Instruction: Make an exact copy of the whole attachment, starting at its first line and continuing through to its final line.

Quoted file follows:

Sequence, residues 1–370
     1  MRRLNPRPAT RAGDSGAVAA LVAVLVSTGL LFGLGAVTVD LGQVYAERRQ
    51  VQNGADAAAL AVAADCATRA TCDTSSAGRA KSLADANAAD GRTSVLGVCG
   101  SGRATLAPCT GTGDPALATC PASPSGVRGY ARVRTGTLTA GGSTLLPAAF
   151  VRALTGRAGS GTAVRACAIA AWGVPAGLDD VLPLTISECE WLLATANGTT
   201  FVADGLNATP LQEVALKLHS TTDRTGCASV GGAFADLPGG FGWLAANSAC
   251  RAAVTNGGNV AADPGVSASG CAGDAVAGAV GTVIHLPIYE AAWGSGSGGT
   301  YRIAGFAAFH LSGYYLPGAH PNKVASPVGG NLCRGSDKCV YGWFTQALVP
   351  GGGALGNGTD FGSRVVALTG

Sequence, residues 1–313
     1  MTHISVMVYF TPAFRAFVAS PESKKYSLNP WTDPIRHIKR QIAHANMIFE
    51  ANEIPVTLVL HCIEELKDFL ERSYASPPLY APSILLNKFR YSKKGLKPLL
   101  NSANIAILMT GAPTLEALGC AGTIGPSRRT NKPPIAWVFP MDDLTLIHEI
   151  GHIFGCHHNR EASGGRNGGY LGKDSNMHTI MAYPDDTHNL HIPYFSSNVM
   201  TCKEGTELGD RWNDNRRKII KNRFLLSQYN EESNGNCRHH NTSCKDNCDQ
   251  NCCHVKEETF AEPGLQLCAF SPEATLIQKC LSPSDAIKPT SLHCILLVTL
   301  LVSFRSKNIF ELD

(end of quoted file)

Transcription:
Sequence, residues 1–370
     1  MRRLNPRPAT RAGDSGAVAA LVAVLVSTGL LFGLGAVTVD LGQVYAERRQ
    51  VQNGADAAAL AVAADCATRA TCDTSSAGRA KSLADANAAD GRTSVLGVCG
   101  SGRATLAPCT GTGDPALATC PASPSGVRGY ARVRTGTLTA GGSTLLPAAF
   151  VRALTGRAGS GTAVRACAIA AWGVPAGLDD VLPLTISECE WLLATANGTT
   201  FVADGLNATP LQEVALKLHS TTDRTGCASV GGAFADLPGG FGWLAANSAC
   251  RAAVTNGGNV AADPGVSASG CAGDAVAGAV GTVIHLPIYE AAWGSGSGGT
   301  YRIAGFAAFH LSGYYLPGAH PNKVASPVGG NLCRGSDKCV YGWFTQALVP
   351  GGGALGNGTD FGSRVVALTG

Sequence, residues 1–313
     1  MTHISVMVYF TPAFRAFVAS PESKKYSLNP WTDPIRHIKR QIAHANMIFE
    51  ANEIPVTLVL HCIEELKDFL ERSYASPPLY APSILLNKFR YSKKGLKPLL
   101  NSANIAILMT GAPTLEALGC AGTIGPSRRT NKPPIAWVFP MDDLTLIHEI
   151  GHIFGCHHNR EASGGRNGGY LGKDSNMHTI MAYPDDTHNL HIPYFSSNVM
   201  TCKEGTELGD RWNDNRRKII KNRFLLSQYN EESNGNCRHH NTSCKDNCDQ
   251  NCCHVKEETF AEPGLQLCAF SPEATLIQKC LSPSDAIKPT SLHCILLVTL
   301  LVSFRSKNIF ELD